How Our Panel Ranks The Courses
Our rankings are based on course evaluations by more than 1,000 volunteer panelists throughout the United States. These men and women golfers score courses on seven criteria:
1. Shot Values
How well does the course pose risks and rewards and equally test length, accuracy and finesse?
2. Resistance to Scoring
How difficult, while still being fair, is the course for a scratch player from the back tees?
3. Design Variety
How varied are the golf course's holes in differing lengths, configurations, hazard placements, green shapes and green contours?
How well do the design features (tees, fairways, greens, hazards, vegetation and terrain) provide individuality to each hole, yet a collective continuity to the entire 18?
How well do the scenic values of the course (including landscaping, vegetation, water features and backdrops) add to the pleasure of a round?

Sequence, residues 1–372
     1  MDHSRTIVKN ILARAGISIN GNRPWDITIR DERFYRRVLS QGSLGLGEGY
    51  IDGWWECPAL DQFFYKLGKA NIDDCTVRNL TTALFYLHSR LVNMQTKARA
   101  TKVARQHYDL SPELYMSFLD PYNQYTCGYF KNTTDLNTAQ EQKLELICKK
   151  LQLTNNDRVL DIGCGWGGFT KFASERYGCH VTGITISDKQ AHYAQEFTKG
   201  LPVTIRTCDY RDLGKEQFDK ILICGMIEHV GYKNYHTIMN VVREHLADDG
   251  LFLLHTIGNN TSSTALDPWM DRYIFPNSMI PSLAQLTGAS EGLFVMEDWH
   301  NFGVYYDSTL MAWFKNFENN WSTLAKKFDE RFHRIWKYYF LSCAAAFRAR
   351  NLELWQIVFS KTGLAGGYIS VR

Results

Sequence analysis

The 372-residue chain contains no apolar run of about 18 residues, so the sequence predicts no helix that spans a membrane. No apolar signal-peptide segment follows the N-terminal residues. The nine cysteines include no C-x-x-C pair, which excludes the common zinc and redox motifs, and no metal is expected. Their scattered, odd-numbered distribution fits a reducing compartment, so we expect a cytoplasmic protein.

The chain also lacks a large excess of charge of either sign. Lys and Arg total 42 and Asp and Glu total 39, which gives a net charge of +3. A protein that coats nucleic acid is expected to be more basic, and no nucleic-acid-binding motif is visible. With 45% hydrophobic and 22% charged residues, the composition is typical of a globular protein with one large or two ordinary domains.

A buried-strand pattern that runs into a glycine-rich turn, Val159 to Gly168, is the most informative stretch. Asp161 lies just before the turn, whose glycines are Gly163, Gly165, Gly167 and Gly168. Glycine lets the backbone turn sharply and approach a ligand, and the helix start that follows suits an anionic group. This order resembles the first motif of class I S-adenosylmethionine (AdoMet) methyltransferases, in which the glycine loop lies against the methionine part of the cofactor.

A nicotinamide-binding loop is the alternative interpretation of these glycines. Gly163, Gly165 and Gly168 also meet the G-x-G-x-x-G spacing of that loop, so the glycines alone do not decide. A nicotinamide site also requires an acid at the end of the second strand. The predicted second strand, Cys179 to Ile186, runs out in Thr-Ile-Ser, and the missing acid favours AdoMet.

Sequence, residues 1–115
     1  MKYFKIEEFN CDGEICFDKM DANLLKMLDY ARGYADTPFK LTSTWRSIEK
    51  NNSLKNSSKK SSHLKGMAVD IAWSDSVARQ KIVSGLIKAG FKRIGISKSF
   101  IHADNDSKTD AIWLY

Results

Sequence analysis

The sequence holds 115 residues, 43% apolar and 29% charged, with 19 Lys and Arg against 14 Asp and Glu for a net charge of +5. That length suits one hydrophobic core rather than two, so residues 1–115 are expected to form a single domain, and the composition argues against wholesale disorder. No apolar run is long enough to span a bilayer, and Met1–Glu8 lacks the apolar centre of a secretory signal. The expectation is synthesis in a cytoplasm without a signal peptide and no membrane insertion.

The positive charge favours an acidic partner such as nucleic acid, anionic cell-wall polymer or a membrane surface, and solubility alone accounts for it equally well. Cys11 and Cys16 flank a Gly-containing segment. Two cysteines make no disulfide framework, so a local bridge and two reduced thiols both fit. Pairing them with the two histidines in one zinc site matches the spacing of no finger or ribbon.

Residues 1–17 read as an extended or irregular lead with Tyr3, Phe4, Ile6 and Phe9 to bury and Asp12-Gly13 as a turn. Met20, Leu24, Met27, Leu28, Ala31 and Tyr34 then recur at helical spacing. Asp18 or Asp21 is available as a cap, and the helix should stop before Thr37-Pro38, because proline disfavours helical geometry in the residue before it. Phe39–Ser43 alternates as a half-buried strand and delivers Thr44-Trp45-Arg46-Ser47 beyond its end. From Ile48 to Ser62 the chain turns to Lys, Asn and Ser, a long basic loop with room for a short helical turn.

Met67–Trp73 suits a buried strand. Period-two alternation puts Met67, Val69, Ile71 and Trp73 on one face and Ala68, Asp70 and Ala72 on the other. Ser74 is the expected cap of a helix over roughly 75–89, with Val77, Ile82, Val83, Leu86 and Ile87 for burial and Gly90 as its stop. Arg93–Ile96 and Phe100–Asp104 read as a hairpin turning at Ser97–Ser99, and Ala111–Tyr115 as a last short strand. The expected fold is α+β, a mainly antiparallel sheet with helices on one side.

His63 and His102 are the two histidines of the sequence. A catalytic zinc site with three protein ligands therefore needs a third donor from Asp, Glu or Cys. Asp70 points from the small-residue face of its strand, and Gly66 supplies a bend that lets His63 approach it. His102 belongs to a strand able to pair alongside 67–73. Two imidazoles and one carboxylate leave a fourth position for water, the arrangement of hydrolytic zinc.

How firm, fast and rolling were the fairways, and how firm yet receptive were the greens on the day you played the course?
How well does the overall feel and atmosphere of the course reflect or uphold the traditional values of the game?
To arrive at a course's final score, we first throw out "outlier" evaluations at the high and low end. (Statistician Dean Knuth, creator of the United States Golf Association's Slope and Course Rating system, does the math for us. He tosses any evaluation that's more than two standard deviations from a course's mean score.) We then total the course's average scores in the seven categories, double-weighting the Shot Values category. A course needs 45 evaluations over the past eight years to be eligible for America's 100 Greatest. The minimum ballots for 100 Greatest Public is 25, for Best in State 10.
CATEGORY-LEADING NUMBER FOR 100 GREATEST GOLF COURSES IN BOLD